My father was always a person who didn’t like doing something just because someone told him to do it. Some people may see that as a flaw, something they don’t want their own kids to emulate. Me? I think it’s a strength and am proud to see this characteristic in myself and my kids. Gretchen Rubin talked about this in her four categories of personality:

  1. The upholder, who is motivated by both internal and external rules
  2. The obliger, who is motivated by external rules and not internal ones
  3. The questioner, who is motivated by internal rules and not external ones
  4. The rebel, who is resistant to all rules.

Looking at these, it’s possible my dad would have fit into the rebel category. But me, I think I’m a questioner through and through. I am resistant to external imposed structure and rules until I can make sense of them internally. My grandfather used to lovingly call me contrary Mary because I would argue with him so much. I don’t even remember what about, well, except maybe at times his sexist comments.

My oldest is choosing classes again this year. And in doing this, we’ve often gone against the stream of what others might recommend.

Allowing her to drop two levels from a pre-AP to a regular history class so that she could take orchestra. 

Trying to convince the school choir teacher to allow her to audition for the Connecticut Music Educator Association festival even though she wasn’t in her class. Though we failed that effort, the teacher has now told us she wished she had let her do that. 

Allowing her to not take a language sophomore year because it wouldn’t fit in her schedule if she chose to take honors rather than AP history.

 Advocating (herself!) to test out of Italian 3 after not taking said language course sophomore year and now excelling in Italian 4.

Convincing her choir and orchestra teachers to allow her to split time between the two courses so that she can participate in both.

Advocating (again herself!) for her school to have a Music Theory course, organizing a petition, and now practically helping teach this course.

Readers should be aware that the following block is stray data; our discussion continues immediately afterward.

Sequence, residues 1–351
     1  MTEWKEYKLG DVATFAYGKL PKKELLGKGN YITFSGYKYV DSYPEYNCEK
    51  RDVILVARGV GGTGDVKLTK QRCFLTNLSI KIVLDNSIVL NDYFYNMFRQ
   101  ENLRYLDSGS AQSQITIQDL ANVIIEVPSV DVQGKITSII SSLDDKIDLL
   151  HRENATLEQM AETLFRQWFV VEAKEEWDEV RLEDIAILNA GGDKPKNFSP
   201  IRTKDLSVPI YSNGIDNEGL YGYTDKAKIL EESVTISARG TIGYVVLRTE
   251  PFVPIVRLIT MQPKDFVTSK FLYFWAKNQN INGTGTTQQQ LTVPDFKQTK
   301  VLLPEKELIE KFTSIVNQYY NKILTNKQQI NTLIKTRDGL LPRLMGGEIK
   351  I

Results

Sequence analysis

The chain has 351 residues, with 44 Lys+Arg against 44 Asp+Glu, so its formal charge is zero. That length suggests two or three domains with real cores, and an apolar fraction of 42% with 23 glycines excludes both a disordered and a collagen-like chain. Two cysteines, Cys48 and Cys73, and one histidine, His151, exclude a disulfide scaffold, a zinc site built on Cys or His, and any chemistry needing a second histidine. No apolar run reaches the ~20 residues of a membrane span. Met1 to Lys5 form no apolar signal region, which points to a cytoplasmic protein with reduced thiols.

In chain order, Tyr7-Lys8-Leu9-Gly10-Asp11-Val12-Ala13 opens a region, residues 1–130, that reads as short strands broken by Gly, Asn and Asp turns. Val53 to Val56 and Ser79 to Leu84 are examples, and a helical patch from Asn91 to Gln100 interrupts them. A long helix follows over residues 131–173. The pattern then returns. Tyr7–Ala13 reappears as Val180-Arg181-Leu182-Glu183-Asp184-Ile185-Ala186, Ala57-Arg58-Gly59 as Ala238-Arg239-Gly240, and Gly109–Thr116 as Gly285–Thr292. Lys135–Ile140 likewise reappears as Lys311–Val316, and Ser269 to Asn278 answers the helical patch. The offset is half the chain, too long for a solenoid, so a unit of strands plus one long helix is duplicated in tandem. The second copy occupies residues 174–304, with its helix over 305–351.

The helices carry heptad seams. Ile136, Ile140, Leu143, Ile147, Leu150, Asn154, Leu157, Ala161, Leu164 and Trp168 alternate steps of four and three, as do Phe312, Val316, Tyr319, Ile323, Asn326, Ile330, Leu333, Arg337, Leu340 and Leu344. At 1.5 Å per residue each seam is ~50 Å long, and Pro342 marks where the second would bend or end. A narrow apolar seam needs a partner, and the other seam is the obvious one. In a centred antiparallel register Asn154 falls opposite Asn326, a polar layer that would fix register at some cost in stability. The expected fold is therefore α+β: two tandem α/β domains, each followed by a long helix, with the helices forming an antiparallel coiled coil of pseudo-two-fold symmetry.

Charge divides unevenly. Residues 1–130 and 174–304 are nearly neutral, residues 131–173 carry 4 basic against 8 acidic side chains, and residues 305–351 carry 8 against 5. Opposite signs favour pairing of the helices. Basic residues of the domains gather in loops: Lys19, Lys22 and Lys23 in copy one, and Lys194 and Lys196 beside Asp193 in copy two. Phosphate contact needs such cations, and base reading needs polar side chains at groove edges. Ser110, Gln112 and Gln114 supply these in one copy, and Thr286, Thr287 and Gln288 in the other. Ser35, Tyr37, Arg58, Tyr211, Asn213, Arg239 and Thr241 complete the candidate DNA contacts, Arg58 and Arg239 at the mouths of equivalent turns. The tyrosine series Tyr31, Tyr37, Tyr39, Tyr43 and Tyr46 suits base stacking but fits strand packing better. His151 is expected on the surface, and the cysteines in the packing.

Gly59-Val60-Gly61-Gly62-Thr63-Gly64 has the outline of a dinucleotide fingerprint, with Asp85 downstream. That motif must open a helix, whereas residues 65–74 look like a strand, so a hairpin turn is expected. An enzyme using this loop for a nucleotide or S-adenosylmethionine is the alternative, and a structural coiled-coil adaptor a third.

And now, working to find an area school that will allow her to take the AP Music Theory exam there since it’s not offered in her school.

There are so many ways that we can respond to external rules. For me (and my daughter), we don’t want to follow them unless they make sense. So what do we do then when faced with those rules that don’t make sense to us?

We can react a lot of different ways. We can be overwhelmed and see no way around them. We can push our way through them, not caring if we hurt ourselves or others along the way. Or, we can carefully advocate. We can explain our case. We can push back against the resistance. And maybe, just maybe, we can make a change. Help make the rules work better for all of us. Help to see opportunity when everyone else can’t.

Leave a Reply

Fill in your details below or click an icon to log in:

WordPress.com Logo

You are commenting using your WordPress.com account. Log Out /  Change )

Google photo

You are commenting using your Google account. Log Out /  Change )

Twitter picture

You are commenting using your Twitter account. Log Out /  Change )

Facebook photo

You are commenting using your Facebook account. Log Out /  Change )

Connecting to %s

Create a website or blog at WordPress.com

Up ↑

%d bloggers like this: